Dame Sally Davies is the Master of Trinity College, Cambridge. Before this, she was Chief Medical Officer (CMO) for England and Chief Medical Adviser to the UK government from March 2011 to September 2019, having held the post on an interim basis since June 2010. Dame Sally advocates globally on AMR. She was a member of the World Health Organization (WHO) Executive Board 2014-2016 and has led delegations to a range of WHO summits and forums since 2004. For three years, Dame Sally was the chair of the WHO Strategic and Technical Advisory Group on AMR and a co-convener of the UN Inter-Agency Co-ordination Group on AMR, set up in response to the AMR declaration made at UNGA 2016. Now, Dame Sally sits on the UN Global Leaders Group for AMR. In May 2020, she set up The Trinity Challenge, which she now chairs.
Professor Dame Donna Kinnair is the Chief Executive and General Secretary of the Royal College of Nursing. Working with the RCN Council and the Executive Team Donna is responsible for delivering the RCN's strategic and operational plans. Donna joined the RCN as Head of Nursing in 2015, she was then promoted and joined the RCN Executive Team to Director of Nursing, Policy and Practice in 2016, where her key role is to work with UK-wide RCN staff to drive and implement the future RCN professional nursing, policy and practice strategy.
Prior to joining the RCN Donna held various roles including Clinical Director of Emergency Medicine; Executive Director of Nursing and Director of Commissioning. Donna advised the PM’s Commission on the future of Nursing and Midwifery in 2010 and served as nurse/child health assessor to the Victoria Climbié Inquiry.
Sir Paul Nurse is a geneticist and cell biologist who has worked on how the eukaryotic cell cycle is controlled. His major work has been on the cyclin dependent protein kinases and how they regulate cell reproduction. He is Director of the Francis Crick Institute in London, and has served as President of the Royal Society, Chief Executive of Cancer Research UK and President of Rockefeller University. He shared the 2001 Nobel Prize in Physiology or Medicine and has received the Albert Lasker Award, the Gairdner Award, the Louis Jeantet Prize and the Royal Society's Royal and Copley Medals. He was knighted by The Queen in 1999, received the Legion d'honneur in 2003 from France, and the Order of the Rising Sun in 2018 from Japan. He served for 15 years on the Council of Science and Technology, advising the Prime Minister and Cabinet, and is presently a Chief Scientific Advisor for the European Union and a trustee of the British Museum. Paul flies gliders and vintage aeroplanes and has been a qualified bush pilot. He also likes the theatre, hill-walking, going to museums and art galleries, and running very slowly.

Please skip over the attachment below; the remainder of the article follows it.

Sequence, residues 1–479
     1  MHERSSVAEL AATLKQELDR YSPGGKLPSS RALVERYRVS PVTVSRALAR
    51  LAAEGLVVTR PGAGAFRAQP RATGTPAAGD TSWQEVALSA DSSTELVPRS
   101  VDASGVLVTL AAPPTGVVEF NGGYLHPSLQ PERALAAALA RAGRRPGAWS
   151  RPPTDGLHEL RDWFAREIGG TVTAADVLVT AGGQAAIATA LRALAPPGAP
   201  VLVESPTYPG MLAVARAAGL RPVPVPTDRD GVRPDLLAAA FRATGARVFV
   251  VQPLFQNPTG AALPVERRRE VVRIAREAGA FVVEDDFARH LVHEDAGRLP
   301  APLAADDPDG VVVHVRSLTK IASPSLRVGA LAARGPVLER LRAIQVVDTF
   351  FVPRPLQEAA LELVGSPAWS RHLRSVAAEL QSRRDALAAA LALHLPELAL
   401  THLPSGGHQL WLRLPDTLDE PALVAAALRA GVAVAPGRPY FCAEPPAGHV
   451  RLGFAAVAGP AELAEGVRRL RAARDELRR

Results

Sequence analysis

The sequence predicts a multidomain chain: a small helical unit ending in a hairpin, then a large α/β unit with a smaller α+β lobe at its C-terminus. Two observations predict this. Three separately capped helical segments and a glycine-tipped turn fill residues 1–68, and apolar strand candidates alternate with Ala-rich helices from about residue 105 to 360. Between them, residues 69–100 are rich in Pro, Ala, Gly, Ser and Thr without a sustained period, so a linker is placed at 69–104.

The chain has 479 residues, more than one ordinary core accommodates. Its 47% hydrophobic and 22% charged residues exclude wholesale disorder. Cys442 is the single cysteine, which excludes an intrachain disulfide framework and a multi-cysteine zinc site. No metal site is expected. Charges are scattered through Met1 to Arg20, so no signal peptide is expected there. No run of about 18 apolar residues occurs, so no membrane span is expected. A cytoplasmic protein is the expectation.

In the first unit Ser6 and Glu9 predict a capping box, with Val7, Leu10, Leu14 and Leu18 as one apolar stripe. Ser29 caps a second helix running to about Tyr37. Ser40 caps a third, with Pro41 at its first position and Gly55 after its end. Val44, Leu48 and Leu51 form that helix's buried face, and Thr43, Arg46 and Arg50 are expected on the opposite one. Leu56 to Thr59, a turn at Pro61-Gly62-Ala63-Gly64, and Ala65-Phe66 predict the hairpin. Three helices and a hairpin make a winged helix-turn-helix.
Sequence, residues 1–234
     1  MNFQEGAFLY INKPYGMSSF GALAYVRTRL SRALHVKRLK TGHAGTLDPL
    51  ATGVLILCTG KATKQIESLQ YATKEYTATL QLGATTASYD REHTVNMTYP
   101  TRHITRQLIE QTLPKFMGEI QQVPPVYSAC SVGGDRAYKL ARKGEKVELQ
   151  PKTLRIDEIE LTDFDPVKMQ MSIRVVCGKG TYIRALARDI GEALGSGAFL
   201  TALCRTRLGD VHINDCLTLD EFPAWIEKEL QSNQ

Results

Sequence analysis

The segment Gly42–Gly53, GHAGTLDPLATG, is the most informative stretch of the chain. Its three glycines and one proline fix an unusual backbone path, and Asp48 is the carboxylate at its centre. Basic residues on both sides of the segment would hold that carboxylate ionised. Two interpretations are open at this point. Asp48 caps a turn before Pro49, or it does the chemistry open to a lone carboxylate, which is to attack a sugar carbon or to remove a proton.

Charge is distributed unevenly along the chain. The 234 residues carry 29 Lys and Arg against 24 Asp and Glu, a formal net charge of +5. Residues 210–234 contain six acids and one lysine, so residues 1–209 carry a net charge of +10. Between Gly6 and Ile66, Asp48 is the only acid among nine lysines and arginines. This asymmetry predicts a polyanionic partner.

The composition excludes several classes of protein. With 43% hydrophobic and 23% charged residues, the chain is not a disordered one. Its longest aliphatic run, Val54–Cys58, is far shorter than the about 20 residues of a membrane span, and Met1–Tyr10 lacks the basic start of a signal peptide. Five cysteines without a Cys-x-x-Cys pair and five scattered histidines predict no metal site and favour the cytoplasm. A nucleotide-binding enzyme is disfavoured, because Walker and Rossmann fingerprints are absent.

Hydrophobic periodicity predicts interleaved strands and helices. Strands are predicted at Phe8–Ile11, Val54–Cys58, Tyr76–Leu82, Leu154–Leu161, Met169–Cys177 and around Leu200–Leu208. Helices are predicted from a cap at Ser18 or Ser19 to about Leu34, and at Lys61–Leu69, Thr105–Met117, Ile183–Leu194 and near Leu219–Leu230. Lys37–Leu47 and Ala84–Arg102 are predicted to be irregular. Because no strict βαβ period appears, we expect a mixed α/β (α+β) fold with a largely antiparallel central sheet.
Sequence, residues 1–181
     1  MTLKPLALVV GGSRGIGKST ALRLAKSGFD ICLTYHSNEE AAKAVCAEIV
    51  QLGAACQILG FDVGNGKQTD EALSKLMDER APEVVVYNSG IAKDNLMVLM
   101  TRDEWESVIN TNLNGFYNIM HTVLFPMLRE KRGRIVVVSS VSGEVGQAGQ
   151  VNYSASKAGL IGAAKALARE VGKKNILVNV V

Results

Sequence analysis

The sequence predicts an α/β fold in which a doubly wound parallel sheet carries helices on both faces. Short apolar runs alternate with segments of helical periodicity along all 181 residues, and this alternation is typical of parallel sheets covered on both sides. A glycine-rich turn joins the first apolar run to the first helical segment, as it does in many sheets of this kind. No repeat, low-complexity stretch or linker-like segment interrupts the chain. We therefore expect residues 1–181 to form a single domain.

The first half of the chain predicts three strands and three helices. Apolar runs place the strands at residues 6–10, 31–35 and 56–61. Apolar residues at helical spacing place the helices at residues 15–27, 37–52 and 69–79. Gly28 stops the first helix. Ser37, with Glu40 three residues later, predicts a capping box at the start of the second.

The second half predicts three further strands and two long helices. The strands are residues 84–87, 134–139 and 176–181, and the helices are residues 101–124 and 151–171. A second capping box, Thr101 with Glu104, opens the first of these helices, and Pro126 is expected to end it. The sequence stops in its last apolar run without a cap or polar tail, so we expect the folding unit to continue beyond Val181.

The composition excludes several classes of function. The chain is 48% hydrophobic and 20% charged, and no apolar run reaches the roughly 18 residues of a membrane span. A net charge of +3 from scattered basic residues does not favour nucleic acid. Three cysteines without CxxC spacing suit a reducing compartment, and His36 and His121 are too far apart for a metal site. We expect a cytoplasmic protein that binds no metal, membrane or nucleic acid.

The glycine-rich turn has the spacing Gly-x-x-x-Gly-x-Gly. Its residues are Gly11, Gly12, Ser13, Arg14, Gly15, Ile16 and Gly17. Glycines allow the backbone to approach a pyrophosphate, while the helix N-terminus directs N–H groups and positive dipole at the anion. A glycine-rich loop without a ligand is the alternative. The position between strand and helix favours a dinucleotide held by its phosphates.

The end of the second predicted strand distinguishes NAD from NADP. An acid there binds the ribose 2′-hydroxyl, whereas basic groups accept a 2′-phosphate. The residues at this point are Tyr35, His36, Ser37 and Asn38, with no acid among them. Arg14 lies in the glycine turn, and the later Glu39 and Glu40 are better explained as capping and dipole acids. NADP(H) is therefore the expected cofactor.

Sir Gregory Winter was Master of Trinity College from 2012 to 2019, previously a Fellow and member of the Medical Research Council’s Laboratory of Molecular Biology (LMB) in Cambridge. He is a scientist, inventor and entrepreneur. He is a pioneer of the science of protein engineering, and in particular of technologies for making pharmaceutical antibodies. Such antibodies have proved useful for treatment of cancer and immune disorders, and now comprise many of the world’s top selling pharmaceutical drugs. In order to see his technologies applied, Sir Gregory founded three successful biotechnology companies - Cambridge Antibody Technology and Domantis (both acquired in 2006 by AstraZeneca and GSK respectively), and most recently Bicycle Therapeutics, which is developing bicyclic peptides with chemical warheads for treatment of cancer. (Photo by Aga Mackaj)
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